File Types Explained & Why You Should Care
If you’re not a Graphic Designer, you’ve probably never given file extensions much thought. I’m sure you’re familiar with them, but have you ever really paid much attention to them? Doubtful. Well, I’m here to explain the file types you’re most likely to run into when working with a graphic designer (and in everyday life) and tell you why you should care. Let’s dive in!
File Types: Rasters vs Vectors
There are two main file types categories: rasters and vectors. Let’s look at the difference between them, so the file types make a little more sense.
You’re probably most familiar with raster images – images made up of small blocks of color called “pixels.” Together, all of the pixels form an image— like the last picture you took with your smartphone. Rasters can’t be blown-up without becoming “pixelized,” or fuzzy due to a loss of quality— meaning, the larger the image, the higher the quality, simply because there are more pixels. Because of this, they’re primarily used when smaller images will suffice (like your new Facebook profile pic).
Vector graphics are comprised of mathematical equations called “vectors” that connect to make shapes. They’re infinitely scalable with zero loss in quality which makes them the best when it comes to printing. They’re perfect for making things like logos – which you’ll need on everything from your business card to the sign above your storefront. Additionally, they’ll never fully look photo realistic because they’re completely computer generated.
File Types Explained
Now, onto the file types. Below is my brief explanation of the file types you’ll most likely come into contact with when working with a Graphic Designer:
One of the most widely used raster file type is called a “.jpeg” or “Joint Photographic Experts Group,” named after the committee that developed the standard in 1986. JPEGs use a “lossy” form of compression (or irreversible compression), meaning when the image data is encoded it sheds some of its data then uses inexact approximations to represent the content. The smaller amount of data means faster loading times — something we all want when browsing the web. But it also makes them a bad choice when printing large, high quality photos. Additionally, they don’t support transparency which makes them not the best choice for logo files.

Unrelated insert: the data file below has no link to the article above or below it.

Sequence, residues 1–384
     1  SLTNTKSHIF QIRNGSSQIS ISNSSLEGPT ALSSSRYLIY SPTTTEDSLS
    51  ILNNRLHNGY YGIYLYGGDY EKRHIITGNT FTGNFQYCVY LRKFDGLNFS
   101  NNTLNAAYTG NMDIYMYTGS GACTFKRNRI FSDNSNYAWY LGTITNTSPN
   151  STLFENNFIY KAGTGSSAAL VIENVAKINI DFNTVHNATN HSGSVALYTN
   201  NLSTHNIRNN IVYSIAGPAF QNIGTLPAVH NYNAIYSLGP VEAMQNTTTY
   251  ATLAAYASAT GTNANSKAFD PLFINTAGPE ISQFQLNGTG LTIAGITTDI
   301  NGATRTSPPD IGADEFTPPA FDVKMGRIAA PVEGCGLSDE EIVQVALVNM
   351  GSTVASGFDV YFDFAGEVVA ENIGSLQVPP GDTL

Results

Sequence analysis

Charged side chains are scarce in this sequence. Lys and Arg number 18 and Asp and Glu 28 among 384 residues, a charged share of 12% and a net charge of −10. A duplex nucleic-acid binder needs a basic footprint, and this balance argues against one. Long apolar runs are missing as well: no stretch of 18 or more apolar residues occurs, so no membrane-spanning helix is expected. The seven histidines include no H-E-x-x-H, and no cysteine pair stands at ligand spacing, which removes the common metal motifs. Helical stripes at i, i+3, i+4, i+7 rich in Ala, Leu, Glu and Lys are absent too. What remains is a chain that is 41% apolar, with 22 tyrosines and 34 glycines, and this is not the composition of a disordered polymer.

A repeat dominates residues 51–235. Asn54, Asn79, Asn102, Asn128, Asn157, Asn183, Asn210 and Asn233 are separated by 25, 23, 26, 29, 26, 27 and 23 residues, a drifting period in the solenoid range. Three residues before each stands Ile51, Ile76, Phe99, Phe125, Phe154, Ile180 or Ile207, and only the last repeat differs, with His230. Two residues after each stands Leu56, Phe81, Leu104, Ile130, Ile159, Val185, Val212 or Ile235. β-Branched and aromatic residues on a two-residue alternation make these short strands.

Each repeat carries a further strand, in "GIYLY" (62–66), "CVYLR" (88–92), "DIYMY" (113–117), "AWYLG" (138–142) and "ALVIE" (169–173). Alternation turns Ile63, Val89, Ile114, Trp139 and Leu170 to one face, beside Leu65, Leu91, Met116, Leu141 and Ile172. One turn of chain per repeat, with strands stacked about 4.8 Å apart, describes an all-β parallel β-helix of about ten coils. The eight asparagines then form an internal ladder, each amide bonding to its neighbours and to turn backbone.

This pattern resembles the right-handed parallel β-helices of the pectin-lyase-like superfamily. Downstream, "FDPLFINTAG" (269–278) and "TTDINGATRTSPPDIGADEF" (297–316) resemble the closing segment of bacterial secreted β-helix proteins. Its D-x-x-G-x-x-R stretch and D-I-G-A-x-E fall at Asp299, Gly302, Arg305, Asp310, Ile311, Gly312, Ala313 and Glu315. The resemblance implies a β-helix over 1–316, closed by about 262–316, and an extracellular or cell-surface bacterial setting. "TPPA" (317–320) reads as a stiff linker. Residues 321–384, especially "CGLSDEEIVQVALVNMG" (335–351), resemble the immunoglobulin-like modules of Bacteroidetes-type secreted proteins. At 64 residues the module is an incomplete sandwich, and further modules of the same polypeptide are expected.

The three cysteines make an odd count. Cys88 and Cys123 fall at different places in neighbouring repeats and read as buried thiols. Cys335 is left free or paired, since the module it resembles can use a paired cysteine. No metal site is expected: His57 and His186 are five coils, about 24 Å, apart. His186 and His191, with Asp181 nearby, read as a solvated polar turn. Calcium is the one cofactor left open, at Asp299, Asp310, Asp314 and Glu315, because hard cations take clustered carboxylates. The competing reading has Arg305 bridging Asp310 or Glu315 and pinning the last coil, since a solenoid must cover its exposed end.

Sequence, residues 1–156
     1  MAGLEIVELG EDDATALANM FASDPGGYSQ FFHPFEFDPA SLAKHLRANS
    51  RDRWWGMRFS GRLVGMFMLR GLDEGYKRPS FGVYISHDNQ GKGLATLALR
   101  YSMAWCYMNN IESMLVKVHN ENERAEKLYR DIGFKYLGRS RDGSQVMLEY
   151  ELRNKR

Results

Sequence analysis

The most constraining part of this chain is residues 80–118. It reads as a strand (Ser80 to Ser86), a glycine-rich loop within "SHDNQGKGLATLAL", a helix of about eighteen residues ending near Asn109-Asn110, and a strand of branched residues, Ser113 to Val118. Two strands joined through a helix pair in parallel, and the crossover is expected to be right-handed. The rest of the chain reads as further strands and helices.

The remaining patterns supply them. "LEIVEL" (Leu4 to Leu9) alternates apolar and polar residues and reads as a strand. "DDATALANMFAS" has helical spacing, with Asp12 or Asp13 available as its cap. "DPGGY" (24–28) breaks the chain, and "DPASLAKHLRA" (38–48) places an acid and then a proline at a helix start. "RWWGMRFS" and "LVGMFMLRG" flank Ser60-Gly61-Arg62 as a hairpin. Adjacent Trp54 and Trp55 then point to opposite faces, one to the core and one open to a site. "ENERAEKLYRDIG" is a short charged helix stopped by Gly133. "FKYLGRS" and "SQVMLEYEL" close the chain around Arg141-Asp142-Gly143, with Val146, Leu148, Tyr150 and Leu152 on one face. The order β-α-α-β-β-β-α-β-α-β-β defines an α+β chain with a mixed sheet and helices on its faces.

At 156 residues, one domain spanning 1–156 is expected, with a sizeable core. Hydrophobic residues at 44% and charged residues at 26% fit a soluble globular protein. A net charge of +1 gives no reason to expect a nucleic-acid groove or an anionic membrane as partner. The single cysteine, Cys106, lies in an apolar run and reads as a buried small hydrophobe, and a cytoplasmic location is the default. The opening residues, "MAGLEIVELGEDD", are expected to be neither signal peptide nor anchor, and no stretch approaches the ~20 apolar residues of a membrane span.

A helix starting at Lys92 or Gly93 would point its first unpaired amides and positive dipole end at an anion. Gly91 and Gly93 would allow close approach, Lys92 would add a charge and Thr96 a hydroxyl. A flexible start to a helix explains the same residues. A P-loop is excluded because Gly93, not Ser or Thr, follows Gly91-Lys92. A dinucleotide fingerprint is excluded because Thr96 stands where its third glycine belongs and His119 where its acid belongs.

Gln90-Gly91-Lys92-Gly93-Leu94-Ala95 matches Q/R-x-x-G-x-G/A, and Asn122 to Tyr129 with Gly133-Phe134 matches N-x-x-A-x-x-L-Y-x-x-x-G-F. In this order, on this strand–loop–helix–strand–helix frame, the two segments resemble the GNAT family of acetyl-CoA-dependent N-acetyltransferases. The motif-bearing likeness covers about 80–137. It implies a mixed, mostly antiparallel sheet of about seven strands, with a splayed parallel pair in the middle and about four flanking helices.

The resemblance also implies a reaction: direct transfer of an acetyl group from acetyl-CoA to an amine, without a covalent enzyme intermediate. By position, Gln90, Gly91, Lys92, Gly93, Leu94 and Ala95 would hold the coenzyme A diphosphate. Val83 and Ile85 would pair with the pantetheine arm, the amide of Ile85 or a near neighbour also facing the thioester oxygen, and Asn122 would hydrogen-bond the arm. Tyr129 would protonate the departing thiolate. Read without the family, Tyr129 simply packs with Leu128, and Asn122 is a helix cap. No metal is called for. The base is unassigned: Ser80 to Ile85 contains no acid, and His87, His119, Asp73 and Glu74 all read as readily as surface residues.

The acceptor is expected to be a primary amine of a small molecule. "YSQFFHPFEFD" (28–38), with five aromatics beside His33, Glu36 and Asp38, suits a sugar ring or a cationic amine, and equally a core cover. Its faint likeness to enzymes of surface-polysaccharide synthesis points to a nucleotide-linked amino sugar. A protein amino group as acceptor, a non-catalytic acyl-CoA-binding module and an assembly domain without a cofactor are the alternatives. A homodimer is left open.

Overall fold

Another common raster file type you’ll probably run into is a “.png”, which stands for “Portable Network Graphics.” They’re higher quality (and therefore slower) than JPEGs because they use a “lossless” form of compression, which allows the original image data to be perfectly reconstructed from the compressed data (aka, no quality loss). They still can become pixelized if blown-up though – they are still rasters after all. The reason you’ll see them so often is because they support transparency (usually in the form of transparent backgrounds) so they’re easy for non-designers to use when DIYing digital graphics (like adding your logo to a patterned background on your own).
The absolute most important file type you can have of your logo is a “.ai” file, which stands for “Adobe Illustrator.” If you have a good graphic designer, Adobe Illustrator is the program they’ll create your logo in, so your original, native logo file will have an AI extension. If you don’t have Adobe Illustrator though, you won’t be able to open this file and it will essentially be useless to you. But NEVER delete it. If you need any modifications of your logo down the road, send this file to your designer and they’ll be able to make the changes and send you files you can use.
EPS stands for “Encapsulated PostScript.” It’s a vector file that works pretty much like an AI file but it has a preview bitmap in it so that you can open it in more programs than an AI, such as Microsoft Word, PowerPoint, CorelDraw and classic Adobe Programs such as Photoshop and Illustrator.
Of the vector files types, you’re probably most familiar with a “.pdf” (Portable Document Format). It’s so commonly used because it can be opened on any computer with almost any program. Designers love them because we can save Illustrator editing capabilities to PDFs, which can come in handy in a pinch.
Why You Should Care
Do you really need to know all about file types? No. But knowing can benefit you, so here’s my explanation of why you should care. First, you’ll truly know that you’re getting the most out of what you’re paying for. Have you ever taken your car into the shop and you had no idea what they were telling you was wrong with it? Makes it harder to know if you’re getting ripped off? The same concept applies here. You’ll also be able to speak with printers and designers in an educated way. From ordering branded thank you cards to purchasing the signage– if you understand what file types you need/have you won’t waste time going back and forth with the printer. Instead, you’ll already know what you need. And you won’t have to call your designer every time you want to order something. Oh, and you’ll learn something new. 😉